What is meant by listening?
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Rev Chris Newlands, the chaplain to the Bishop of Chelmsford is reported to have said: “Mr Newlands denied that Bishop Gladwin’s views on homosexuality were exceptionally liberal, but said that he was keen to listen to the experiences of homosexuals, something called for by the 1998 Lambeth Conference. He said that difficulties arose because African countries were not so far advanced in this “listening process”.”
What was actually passed at Lambeth 1998 was this:
The resolution began by stating that Scripture upholds faithfulness in marriage between a man and a woman in lifelong union, and believes that abstinence is right for those who are not called to marriage:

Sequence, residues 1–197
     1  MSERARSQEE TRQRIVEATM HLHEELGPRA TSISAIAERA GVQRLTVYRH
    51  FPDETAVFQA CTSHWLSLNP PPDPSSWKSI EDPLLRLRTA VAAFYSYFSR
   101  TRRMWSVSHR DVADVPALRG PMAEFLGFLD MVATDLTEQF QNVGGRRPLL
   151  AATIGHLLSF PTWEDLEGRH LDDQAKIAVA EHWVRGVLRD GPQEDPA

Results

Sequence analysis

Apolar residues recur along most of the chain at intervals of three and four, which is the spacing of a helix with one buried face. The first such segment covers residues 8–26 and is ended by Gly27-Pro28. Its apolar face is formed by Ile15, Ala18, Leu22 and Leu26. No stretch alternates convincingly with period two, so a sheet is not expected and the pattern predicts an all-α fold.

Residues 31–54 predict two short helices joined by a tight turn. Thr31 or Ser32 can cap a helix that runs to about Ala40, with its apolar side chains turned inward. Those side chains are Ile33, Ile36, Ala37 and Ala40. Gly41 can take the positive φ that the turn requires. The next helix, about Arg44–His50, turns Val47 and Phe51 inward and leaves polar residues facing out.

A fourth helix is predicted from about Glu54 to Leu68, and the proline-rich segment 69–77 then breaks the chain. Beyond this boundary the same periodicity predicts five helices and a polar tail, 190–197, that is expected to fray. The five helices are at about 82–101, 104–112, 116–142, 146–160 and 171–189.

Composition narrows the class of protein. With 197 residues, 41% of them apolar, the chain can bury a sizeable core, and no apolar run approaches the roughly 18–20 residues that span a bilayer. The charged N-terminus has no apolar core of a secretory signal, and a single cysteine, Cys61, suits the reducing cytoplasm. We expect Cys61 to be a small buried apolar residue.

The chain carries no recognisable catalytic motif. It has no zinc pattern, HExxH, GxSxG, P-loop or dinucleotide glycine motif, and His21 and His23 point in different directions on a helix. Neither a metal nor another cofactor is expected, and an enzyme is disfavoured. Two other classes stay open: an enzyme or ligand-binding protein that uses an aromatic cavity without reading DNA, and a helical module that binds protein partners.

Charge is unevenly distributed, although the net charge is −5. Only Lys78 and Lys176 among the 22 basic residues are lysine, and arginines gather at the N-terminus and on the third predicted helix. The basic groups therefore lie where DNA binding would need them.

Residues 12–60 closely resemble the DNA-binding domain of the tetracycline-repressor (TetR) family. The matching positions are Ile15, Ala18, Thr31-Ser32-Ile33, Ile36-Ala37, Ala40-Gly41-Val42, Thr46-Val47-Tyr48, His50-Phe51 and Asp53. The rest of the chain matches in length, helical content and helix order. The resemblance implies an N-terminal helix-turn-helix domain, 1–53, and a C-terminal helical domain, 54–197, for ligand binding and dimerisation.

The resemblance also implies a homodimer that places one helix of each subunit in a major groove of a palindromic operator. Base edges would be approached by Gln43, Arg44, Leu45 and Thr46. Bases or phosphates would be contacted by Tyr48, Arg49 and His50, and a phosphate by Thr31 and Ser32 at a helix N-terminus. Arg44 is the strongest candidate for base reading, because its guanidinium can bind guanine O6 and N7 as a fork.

It then went on to recognise that there are among us persons who experience themselves as having a homosexual orientation. Many of these are members of the Church and are seeking the pastoral care, moral direction of the Church, and God’s transforming power for the living of their lives and the ordering of relationships
Only then does the resolution say ‘We commit ourselves to listen to the experience of homosexual persons’
Afterwards it adds rejecting homosexual practice as incompatible with Scripture, and finally cannot advise the legitimising or blessing of same sex unions nor ordaining those involved in same gender unions
When looked at as a whole, it is clear that the comment on ‘listening’ as subservient to the fact that such relationships are wrong in Scripture and therefore those living in them are expected to seek the pastoral care and moral direction of the church and the transforming power of God. The reason we have to listen to them so that they can be transformed not continue in relationships which are unscriptural.
The comment that difficulties arose because African countries were not so far advanced in this “listening process” comes across as patronising. Those who know Africans are well aware that they are expert as listeners, much more so than westerners.